How can we actually transfer what we learn from theoretical lectures and books to real-life application? How can we practice skills in a way that makes us better at the skill itself – not just at random drills?
Check out the full conversation with Scott to learn:
  • Why listening to lectures, watching videos and reading books doesn’t tend to translate into applicable learning in most areas – and what to do instead so that you can actually transfer the things you learn into real-life practice
  • How to find the right balance between practicing the skill that you’re learning and doing drills – since some drills don’t translate effectively but only practicing the full skill can prevent you from improving on weaknesses
  • What really separates those who are willing to self-educate from those who aren’t – and why the common barriers (“I’m not smart enough,” “I’m not talented enough,” etc.) aren’t accurate

Check out the episode at the links below. If you enjoyed the episode, the best way to support the show is to share with your friends, so send them a link.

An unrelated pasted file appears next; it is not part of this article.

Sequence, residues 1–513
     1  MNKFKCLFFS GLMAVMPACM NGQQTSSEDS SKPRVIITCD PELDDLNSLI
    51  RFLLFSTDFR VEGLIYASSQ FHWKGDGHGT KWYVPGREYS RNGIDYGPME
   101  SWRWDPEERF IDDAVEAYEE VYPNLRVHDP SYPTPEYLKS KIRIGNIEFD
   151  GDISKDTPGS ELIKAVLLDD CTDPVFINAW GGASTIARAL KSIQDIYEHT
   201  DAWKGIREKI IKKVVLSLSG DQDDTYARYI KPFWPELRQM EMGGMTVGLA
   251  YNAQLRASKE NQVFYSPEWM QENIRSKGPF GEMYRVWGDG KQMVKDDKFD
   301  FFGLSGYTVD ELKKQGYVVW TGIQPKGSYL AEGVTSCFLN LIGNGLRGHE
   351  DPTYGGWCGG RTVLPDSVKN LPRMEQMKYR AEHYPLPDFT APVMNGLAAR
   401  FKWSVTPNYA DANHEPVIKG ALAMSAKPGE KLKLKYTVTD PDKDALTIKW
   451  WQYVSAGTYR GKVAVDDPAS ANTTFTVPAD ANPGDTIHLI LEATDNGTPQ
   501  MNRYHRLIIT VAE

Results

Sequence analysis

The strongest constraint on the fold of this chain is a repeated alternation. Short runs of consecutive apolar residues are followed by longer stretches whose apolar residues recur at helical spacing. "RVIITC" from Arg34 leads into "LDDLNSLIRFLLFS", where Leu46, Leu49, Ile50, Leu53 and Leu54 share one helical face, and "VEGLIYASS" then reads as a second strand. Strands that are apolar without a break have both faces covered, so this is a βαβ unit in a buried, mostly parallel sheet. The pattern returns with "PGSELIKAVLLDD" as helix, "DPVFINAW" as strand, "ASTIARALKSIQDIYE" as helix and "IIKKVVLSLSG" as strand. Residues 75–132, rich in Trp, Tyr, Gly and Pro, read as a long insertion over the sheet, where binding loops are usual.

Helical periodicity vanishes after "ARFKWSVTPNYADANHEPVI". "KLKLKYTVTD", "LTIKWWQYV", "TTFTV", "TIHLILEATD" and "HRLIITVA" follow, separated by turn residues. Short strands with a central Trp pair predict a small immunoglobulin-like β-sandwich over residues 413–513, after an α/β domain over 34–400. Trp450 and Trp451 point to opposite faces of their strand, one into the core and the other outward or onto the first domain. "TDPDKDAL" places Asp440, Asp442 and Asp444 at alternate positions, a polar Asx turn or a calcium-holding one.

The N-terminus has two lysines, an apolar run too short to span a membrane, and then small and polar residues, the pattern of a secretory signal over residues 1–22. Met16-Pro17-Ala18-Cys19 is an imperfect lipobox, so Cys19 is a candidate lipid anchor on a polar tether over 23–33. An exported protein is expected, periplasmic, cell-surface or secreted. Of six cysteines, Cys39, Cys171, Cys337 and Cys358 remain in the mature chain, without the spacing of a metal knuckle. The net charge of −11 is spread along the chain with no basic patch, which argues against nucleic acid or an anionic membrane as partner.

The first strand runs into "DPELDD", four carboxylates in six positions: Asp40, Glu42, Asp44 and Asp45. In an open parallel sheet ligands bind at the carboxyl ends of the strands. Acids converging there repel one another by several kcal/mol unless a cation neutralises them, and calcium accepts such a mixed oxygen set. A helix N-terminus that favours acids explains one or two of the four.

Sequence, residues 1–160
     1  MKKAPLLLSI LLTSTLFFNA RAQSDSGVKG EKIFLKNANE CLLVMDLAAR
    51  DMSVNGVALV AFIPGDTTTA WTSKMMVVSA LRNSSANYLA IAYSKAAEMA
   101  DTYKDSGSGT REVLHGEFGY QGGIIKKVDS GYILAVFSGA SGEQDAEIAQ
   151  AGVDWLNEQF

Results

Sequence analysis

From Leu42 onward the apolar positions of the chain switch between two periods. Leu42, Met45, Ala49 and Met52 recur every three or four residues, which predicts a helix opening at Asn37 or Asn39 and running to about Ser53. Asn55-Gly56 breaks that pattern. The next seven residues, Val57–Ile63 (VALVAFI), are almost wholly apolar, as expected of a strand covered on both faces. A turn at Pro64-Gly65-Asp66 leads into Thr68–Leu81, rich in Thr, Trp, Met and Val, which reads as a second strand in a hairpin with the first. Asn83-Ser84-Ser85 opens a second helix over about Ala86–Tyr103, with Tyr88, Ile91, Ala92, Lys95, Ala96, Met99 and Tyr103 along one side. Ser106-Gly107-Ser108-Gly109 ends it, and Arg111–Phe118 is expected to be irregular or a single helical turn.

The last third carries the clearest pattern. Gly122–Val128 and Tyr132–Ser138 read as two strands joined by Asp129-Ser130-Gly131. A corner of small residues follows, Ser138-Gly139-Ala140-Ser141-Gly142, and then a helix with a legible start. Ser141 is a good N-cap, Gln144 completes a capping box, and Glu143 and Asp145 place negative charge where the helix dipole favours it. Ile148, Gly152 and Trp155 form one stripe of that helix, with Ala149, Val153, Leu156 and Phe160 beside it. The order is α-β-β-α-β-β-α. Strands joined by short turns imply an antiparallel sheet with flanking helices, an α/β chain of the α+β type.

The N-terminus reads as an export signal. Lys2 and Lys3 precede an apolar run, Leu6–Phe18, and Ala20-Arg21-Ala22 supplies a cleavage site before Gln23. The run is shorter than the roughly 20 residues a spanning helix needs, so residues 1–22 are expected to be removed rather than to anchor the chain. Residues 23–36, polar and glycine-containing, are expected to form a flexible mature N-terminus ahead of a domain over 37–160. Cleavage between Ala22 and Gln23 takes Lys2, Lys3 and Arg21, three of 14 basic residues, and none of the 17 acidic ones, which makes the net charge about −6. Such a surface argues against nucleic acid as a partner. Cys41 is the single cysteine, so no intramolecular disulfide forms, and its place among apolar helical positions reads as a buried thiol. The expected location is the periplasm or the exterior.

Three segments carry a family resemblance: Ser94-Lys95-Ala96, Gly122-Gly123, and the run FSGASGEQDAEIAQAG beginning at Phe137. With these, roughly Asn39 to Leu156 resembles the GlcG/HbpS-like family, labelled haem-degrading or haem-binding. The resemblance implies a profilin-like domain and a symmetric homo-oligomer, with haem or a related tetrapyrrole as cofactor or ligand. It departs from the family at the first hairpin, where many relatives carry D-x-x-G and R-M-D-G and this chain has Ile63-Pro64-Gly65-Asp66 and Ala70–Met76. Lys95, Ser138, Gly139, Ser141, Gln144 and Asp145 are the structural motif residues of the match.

Listen Here

Check out more from Scott here:


Show Notes:

  • [1:50] Scott seems to understand that learning is most successful in an environment of doing and not in one of reading, lecture attendance, and video watching. However, he’s published a book about learning – so what exactly is its purpose and why did he choose to write it?
  • [4:21] There’s a lot more to learning than simply practicing, as certain skills seem to involve endless amounts of practice while others have more apparent, speedy transfer. Learning becomes more difficult when the type of practice performed deviates from how the skill is used in a real-life setting. Scott gives some examples of when these transfer problems arise and how transfer problems can arise even in learning about theoretical ideas.
  • [8:46] Directness and actual application are significant in order to learn all skills, but the order in which they’re performed matters. A learning strategy is likely transferring effectively when exposure to a skill is direct prior to performing any sort of drill and, once drills are introduced, it becomes important to return back to those situations of direct exposure regularly.
  • [13:01] Skills can be built up individually while lacking functionality outside of largely abstract situations, meaning that drills must be specific and relative to real performance of the skill. Feedback on those drills (and, generally, on performance of the skill being learned) shows to be a nonessential piece of the learning process.
  • [20:12] We can get knowledge into our heads, but accessing a learned skill isn’t done by pulling out a ‘saved’ memory from the brain and feedback is self-generated through realization of what is not able to be recalled – that aspect of retrieval is vital to performance of any skill, making the sophistication of recall more effective than repeated exposure.